Roche has announced that the European Medicines Agency ( EMA ) has validated the company’s Marketing Authorisation Application ( MAA ) of Ocrevus ( Ocrelizumab ) for the treatment of relapsing multiple sclerosis ( RMS ) and primary progressive multiple sclerosis ( PPMS ) in the European Union ( EU ).
Validation confirms that the submission is complete and signifies the MAA is under review by the EMA’s Committee for Medicinal Products for Human Use ( CHMP ).
The U.S. Food and Drug Administration ( FDA ) has also accepted for review Roche’s Biologics License Application ( BLA ) for Ocrevus for the treatment of relapsing multiple sclerosis and primary progressive multiple sclerosis, and has granted the application Priority Review Designation with a targeted action date of 28 December 2016.
If approved by the EMA and FDA for both indications, Ocrevus would be the first and only treatment for both forms of multiple sclerosis, which affect approximately 95% of people at diagnosis.
The Ocrevus marketing applications are based on positive results from three phase III studies, which met primary and key secondary endpoints. Data from two identical studies ( OPERA I and OPERA II ) in people with relapsing multiple sclerosis showed superior efficacy of Ocrevus in reducing annualised relapse rates and disability progression sustained for at least three and for at least six months compared with Rebif ( Interferon beta-1a ).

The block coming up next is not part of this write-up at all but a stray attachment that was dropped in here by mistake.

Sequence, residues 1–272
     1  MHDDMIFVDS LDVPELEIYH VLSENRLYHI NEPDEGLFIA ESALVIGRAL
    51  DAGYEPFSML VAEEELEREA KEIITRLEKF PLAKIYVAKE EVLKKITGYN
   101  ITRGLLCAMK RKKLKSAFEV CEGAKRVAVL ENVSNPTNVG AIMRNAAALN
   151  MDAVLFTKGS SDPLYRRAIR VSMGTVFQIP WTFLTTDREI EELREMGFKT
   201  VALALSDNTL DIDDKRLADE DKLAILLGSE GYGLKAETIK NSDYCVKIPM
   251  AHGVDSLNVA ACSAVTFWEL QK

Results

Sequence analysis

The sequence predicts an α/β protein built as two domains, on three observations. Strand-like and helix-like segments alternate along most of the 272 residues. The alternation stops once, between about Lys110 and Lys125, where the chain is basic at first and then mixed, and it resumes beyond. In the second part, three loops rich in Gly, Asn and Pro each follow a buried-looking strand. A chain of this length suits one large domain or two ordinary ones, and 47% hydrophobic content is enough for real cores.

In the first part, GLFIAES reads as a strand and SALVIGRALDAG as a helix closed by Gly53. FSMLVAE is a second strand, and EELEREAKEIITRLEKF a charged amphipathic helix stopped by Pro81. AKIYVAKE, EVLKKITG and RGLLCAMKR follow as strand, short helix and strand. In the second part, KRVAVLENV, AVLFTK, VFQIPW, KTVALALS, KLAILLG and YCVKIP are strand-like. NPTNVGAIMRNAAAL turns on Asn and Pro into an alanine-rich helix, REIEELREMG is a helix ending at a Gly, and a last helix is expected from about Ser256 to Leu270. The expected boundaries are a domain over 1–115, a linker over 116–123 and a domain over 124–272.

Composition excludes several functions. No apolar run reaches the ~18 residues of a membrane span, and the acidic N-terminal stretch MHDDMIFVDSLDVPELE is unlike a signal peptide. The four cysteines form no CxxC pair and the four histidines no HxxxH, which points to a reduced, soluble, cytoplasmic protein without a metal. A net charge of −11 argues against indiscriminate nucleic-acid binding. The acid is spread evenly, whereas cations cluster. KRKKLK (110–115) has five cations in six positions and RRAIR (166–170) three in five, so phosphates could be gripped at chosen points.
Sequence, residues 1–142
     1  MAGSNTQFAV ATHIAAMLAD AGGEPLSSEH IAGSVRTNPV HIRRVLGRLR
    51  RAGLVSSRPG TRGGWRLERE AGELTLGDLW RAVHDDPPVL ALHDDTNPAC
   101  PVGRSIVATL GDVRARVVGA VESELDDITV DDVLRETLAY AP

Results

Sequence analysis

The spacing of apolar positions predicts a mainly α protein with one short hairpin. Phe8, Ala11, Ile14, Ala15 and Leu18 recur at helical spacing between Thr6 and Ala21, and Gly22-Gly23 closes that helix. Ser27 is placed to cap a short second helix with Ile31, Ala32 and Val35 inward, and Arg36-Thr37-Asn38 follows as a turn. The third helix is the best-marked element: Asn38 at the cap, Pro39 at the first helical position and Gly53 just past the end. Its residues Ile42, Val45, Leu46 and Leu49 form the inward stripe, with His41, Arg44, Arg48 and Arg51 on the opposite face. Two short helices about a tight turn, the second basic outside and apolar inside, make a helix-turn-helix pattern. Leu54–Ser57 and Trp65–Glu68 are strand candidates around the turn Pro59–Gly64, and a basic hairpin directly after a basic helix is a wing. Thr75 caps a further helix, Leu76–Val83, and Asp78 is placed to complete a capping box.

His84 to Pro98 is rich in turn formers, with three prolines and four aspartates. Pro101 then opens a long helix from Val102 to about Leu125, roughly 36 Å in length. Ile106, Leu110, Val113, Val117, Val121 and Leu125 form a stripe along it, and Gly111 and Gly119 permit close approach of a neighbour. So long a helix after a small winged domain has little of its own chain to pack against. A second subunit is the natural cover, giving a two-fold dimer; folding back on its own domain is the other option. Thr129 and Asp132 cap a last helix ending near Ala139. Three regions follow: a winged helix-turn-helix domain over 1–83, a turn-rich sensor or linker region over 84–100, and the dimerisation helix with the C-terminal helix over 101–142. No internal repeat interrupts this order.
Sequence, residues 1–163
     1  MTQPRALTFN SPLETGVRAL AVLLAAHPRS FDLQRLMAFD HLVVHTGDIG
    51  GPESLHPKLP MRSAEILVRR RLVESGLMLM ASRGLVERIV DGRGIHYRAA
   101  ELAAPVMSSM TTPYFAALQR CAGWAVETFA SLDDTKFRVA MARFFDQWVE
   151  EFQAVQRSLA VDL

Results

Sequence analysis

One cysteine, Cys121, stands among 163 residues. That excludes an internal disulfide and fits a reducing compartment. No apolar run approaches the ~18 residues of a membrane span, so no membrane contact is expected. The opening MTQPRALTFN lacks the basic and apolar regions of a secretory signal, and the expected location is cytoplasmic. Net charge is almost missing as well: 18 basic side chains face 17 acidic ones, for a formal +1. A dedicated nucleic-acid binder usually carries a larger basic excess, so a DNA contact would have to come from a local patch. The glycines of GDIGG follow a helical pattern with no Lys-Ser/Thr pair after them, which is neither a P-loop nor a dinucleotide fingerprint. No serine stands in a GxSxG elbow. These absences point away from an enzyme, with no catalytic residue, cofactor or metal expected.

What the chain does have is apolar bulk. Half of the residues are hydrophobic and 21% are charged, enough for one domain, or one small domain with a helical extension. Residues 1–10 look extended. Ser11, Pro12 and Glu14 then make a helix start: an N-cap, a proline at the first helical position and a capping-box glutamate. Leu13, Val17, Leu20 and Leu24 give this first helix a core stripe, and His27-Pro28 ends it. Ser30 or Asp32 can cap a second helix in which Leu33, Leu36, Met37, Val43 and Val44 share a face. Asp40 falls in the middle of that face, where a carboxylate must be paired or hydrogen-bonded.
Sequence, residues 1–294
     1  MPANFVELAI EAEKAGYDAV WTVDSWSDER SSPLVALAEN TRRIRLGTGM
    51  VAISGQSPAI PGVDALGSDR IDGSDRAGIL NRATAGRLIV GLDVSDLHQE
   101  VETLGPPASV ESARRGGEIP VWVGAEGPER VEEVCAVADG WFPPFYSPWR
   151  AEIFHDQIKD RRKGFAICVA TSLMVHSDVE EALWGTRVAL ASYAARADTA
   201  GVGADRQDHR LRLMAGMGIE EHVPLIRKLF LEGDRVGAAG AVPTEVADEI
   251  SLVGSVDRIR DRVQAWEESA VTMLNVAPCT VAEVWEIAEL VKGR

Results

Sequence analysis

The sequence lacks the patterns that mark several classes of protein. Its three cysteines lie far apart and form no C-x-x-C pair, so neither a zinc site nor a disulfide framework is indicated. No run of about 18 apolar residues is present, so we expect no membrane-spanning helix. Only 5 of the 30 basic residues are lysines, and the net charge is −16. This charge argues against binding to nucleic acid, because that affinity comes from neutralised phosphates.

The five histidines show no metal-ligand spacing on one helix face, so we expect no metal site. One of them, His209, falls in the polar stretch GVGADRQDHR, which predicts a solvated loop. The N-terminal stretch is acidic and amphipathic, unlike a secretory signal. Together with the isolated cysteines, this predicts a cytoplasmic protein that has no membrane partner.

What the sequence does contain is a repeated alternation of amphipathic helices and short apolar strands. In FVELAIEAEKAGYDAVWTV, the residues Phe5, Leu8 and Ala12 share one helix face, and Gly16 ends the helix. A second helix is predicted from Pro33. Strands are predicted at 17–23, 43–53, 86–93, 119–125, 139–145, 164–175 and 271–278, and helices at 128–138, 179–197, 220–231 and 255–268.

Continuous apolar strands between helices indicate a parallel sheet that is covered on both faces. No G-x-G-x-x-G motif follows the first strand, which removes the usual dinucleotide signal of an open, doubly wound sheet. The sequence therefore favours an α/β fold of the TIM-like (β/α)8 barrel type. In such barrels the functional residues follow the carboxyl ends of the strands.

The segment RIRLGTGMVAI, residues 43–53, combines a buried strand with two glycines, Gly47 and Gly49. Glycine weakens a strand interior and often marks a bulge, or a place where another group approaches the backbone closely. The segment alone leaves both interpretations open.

Data from the ORATORIO study in people with primary progressive multiple sclerosis showed significant reductions in disability progression sustained for at least three and for at least six months, as well as in other measures of progressive disease compared with placebo.
Overall safety ( proportion of patients with adverse events and serious adverse events ) of Ocrevus in the phase III studies was similar to Interferon beta-1a in the RMS studies and to placebo in the PPMS study.
The most common adverse events associated with Ocrevus were infusion-related reactions and infections, which were mostly mild to moderate in severity.
Ocrelizumab is an investigational, humanised monoclonal antibody designed to selectively target CD20-positive B cells, a specific type of immune cell thought to be a key contributor to myelin ( nerve cell insulation and support ) and axonal ( nerve cell ) damage. This nerve cell damage can lead to disability in people with multiple sclerosis. Based on preclinical studies, Ocrelizumab binds to CD20 cell surface proteins expressed on certain B cells, but not on stem cells or plasma cells, and therefore important functions of the immune system may be preserved. ( Xagena )
Source: Roche, 2016